Overall Picture
Temperature:
Air temperatures are likely to be above average in the North Island, and average or above average over the South Island. Sea surface temperatures around New Zealand are expected to remain above normal.

Rainfall, soil moisture, and stream flows:
Rainfall is likely to be near normal in all regions. Normal soil moisture levels are likely in most regions, with normal or below normal levels likely on the South Island east coast. Normal or below normal stream flows are likely in the north and east of both islands, with normal stream flows likely in the west and south of both islands.


[Reporters please note: Probabilities are assigned in THREE categories; above average, average, and below average. See end for more explanation.]

Regional predictions for the next three months:
Northland, Auckland, Waikato, Bay of Plenty:
Above average temperatures are likely. Rainfall and soil moisture levels are likely to be near normal for the season as a whole, with normal or below normal stream flows likely.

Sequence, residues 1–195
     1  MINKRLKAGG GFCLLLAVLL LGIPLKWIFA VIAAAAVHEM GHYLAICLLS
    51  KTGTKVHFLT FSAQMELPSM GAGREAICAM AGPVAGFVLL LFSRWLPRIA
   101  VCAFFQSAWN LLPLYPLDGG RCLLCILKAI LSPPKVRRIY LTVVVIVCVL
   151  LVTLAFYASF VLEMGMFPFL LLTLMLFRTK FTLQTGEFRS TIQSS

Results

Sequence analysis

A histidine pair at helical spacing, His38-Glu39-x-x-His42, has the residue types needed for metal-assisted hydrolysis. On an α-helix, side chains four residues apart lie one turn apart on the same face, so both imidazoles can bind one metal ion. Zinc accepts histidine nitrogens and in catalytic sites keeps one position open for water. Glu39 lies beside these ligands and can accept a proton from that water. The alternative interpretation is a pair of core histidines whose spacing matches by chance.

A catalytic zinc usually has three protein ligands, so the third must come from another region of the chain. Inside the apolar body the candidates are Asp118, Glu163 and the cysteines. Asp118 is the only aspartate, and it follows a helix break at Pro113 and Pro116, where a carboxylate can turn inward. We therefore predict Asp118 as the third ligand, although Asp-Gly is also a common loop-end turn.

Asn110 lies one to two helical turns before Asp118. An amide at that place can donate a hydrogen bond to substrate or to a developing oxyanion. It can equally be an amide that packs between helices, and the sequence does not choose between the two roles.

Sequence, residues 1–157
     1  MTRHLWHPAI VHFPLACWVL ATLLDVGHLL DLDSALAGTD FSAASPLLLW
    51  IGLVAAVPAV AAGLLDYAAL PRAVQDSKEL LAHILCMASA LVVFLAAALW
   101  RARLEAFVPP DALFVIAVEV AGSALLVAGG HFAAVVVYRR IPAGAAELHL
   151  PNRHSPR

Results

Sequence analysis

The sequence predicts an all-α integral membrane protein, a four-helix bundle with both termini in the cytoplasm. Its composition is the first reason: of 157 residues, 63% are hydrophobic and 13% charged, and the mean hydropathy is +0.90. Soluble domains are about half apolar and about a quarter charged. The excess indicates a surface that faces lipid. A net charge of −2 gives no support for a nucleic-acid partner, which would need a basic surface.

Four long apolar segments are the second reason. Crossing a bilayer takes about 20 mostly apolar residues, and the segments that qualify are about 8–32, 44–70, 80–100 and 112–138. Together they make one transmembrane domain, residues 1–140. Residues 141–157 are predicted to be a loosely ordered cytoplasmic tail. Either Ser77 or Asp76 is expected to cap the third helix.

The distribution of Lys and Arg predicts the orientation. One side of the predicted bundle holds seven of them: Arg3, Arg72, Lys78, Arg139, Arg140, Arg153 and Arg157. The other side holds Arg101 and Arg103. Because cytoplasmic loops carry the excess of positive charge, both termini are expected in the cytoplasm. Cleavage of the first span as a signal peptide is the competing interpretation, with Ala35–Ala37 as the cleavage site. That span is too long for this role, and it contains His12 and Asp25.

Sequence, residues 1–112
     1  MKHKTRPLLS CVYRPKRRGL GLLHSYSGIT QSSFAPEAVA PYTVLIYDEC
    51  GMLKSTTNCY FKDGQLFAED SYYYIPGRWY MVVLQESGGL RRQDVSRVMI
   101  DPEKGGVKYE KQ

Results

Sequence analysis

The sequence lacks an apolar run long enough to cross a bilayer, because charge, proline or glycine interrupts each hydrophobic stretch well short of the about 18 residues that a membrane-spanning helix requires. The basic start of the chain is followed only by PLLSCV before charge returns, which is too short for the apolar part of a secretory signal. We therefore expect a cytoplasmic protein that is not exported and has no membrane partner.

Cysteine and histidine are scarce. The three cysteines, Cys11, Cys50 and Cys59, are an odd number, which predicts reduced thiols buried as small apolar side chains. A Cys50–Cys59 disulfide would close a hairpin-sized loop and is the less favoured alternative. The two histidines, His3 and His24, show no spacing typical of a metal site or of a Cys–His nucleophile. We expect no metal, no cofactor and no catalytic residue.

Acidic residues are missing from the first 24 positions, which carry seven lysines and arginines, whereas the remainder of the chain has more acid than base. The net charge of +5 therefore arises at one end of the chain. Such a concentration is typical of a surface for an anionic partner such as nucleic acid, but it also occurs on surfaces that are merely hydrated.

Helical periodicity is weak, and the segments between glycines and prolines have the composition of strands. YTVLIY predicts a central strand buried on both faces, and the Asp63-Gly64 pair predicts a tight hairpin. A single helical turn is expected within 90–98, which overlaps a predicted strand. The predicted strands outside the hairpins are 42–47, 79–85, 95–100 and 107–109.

Central North Island, Taranaki, Wanganui, Manawatu and Wellington:
Above average temperatures are likely for July-September. Normal rainfall, soil moisture levels and stream flows are likely.

Gisborne, Hawkes Bay, Wairarapa:
Above average seasonal temperatures are likely. Normal rainfall and soil moisture levels are likely overall, with stream flows likely to be normal or below normal.

Nelson, Marlborough, Buller:
Average or above average temperatures are likely. Normal rainfall and soil moisture levels are likely, with normal or below normal stream flows.

West Coast, Alps and Foothills, Inland Otago, Southland:
Average or above average temperatures are likely, with normal rainfall. Normal soil moisture levels and stream flows are likely.